While the International Biathlon Union can offer no further information on the three positive doping tests it announced earlier this week, the Russian Biathlon Union confirmed that one of the positive tests belonged to Irina Starykh. Starykh was ranked sixth in the overall World Cup score and was bound for the Olympics as Russia’s top female biathlete.
The RBU published a letter that Starykh wrote to her federation:
“I got into a difficult situation and I think it is necessary to inform you of my decision to leave the team location for an indefinite period. I received a notice from the IBU which states that one of my samples gave a positive result. The news came as a big surprise to me. Believe me, I am truly sorry that this story is linked to my name.
“I immediately decided to go to the opening of the B sample, because I think everything that happened to me a misunderstanding. However, until the end of proceedings, I consider it unacceptable to be in [competition]. I understand that in the eyes of the public, I’ll throw a shadow on the team… I have neither the right nor the desire to expose the girls and the whole team. Please exclude me from the team until the end of proceedings and inform all the necessary organizations on my behalf. I wish our whole team the best of luck!”
Russian news site Championat is reporting that Galina Nechkasova will replace Starykh on the Olympic roster. Nechkasova competed today in the 15 k individual race at Open European Championships in Nove Mesto, Czech Republic, where she placed fourth, 22 seconds behind Audrey Vaillancourt of Canada.
It is unclear how easily Russia will be able to make a substitution for an athlete who cannot participate because of a positive test.
However, coaches and others involved with Russian biathlon have begun to comment on the case.
Alexander Tikhonov, a four-time Olympic champion who was once the head of the Russian federation, said in an interview with Russian website Championat that he blamed in part the father-and-son doctors of the Dimitriev family for providing banned substances to athletes.
He alleged that the Dimitrievs has appeared in Hochfilzen, where World Cup races were held in December (and where Starykh earned a podium). Andrey Dimitriev was the team doctor when Iourieva tested positive for EPO in 2009, along with Dmitriy Yaroshenko and Albina Akhatova. He was fired after that incident, but reportedly re-hired by the biathlon federation in the leadup to Sochi. Back in 2009, Iourieva alleged in her arbitration hearing that he had given her the drug “Cardio-Protector” and told her that it did not contain any prohibited substances.
Tikhonov said that the athletes and federation should have known better than to allow doctors with such a reputation to come anywhere near the team.
“This season they used their services and for some reason hoped to have a legitiate outcome,” he alleged. “The Olympic Committee knew about their activities but never put on the brakes.”
But then, Tikhonov painted such doctors as almost predatory, and said that athletes might even unwittingly receive banned substances.
“I always tell athletes, if you accept any medication from a doctor, make them show you the packaging,” he said. “You have to take a picture of it, and then consult some independent expert to make sure that it is legal to take. Except for the athletes, nobody takes the responsibility of these things – neither the coaches nor the doctors. That’s why doping has such deep roots in our sport.”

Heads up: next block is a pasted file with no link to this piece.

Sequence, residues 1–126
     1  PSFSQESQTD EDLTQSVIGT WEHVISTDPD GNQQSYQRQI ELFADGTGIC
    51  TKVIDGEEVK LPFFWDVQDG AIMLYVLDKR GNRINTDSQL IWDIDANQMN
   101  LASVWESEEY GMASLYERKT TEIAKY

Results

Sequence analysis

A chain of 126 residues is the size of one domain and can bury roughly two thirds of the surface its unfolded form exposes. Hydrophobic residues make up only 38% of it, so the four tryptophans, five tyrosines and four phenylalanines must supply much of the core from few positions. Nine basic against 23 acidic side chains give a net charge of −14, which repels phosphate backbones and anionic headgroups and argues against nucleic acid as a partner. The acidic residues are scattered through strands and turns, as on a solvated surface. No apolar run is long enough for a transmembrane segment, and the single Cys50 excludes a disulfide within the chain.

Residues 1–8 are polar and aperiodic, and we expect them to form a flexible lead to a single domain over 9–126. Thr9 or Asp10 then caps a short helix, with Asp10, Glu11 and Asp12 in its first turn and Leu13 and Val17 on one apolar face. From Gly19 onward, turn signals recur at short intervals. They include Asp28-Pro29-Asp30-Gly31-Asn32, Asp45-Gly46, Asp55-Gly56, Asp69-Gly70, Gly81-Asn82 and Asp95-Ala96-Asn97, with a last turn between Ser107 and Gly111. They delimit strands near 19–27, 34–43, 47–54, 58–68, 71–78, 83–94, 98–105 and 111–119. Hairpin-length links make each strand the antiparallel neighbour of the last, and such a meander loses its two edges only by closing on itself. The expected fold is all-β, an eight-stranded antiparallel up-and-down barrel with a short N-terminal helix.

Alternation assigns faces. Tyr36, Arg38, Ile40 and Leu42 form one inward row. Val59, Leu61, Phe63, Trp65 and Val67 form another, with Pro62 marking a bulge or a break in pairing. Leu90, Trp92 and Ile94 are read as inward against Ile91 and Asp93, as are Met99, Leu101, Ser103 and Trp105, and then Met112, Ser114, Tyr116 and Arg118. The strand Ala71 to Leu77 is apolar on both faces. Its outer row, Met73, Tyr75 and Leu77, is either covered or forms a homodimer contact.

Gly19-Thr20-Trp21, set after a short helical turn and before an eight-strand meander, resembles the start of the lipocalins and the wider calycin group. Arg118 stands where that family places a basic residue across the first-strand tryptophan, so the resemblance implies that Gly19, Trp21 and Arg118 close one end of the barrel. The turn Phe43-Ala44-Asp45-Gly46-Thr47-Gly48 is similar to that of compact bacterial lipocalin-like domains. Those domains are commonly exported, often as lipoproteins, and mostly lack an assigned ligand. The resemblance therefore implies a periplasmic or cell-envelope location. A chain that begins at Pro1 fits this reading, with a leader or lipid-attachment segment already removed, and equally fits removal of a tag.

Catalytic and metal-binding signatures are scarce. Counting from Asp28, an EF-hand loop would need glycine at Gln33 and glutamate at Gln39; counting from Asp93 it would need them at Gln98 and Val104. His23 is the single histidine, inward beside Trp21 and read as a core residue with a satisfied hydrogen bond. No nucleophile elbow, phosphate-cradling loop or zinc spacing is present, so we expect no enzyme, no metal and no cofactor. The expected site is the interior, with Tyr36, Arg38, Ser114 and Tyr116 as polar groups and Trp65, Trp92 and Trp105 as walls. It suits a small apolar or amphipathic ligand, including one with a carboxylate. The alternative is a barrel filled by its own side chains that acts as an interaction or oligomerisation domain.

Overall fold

Both Starykh and Iourieva train under Vladimir Korolkevich, who had recently been promoted to head coach of the Russian women’s team. The other half of the team train with Wolfgang Pichler, the German who had extensively criticized Russia’s doping culture before being hired by the program three years ago. Pichler gave a wide-ranging interview to the Zeit newspaper, in which he also discussed doping. None of his athletes were among those who allegedly testes positive.
“I demand to work with no doping,” Pichler said. “Three years ago there was the prospect of sanctions against the association because of the many positive doping tests. The contract awarded to me at the time was to build the team up again, and polish up the image… My athletes know how disastrous a positive test would be on the image of the Games, their homeland and especially on their own careers. Vladimir Putin wants no positive doping cases, so we have been inspected more frequently in recent weeks by the Russian Anti-Doping Agency and by the World Anti-Doping Agency.”
He also told Sportschau, a division of the German television broadcaster ARD, that he “was fighting for a clean Russian team… otherwise I would have quit [the job].”
Within the Russian federation, others claimed the same thing.
“Over the last six years the anti-doping work has been enormous,” Mikhail Porkhorov, the current head of the federation who also owns the NBA team the Brooklyn Nets, told Russian news site R-Sport. “We take ten times more samples than WADA. For us it is a manner of principle.”
He said that the federation would not comment on the situation until it had received and analyzed documents from the IBU.
Others still claim that the timing is something of a conspiracy.
“I believe that the international federation specifically made this announcement in order to bleed athletes from the Russian roster,” Eugeniy Redkine, himself an Olympic champion, told F-Sport. “But doping in the first place was a great folly. Everyone had to understand they hype surrounding the Russian Olympics… it would be better not to make the team, than to be so disgraced.”
Chelsea Little is FasterSkier's Editor-At-Large. A former racer at Ford Sayre, Dartmouth College and the Craftsbury Green Racing Project, she is a PhD candidate in aquatic ecology in the @Altermatt_lab at Eawag, the Swiss Federal Institute of Aquatic Science and Technology in Zurich, Switzerland. You can follow her on twitter @ChelskiLittle.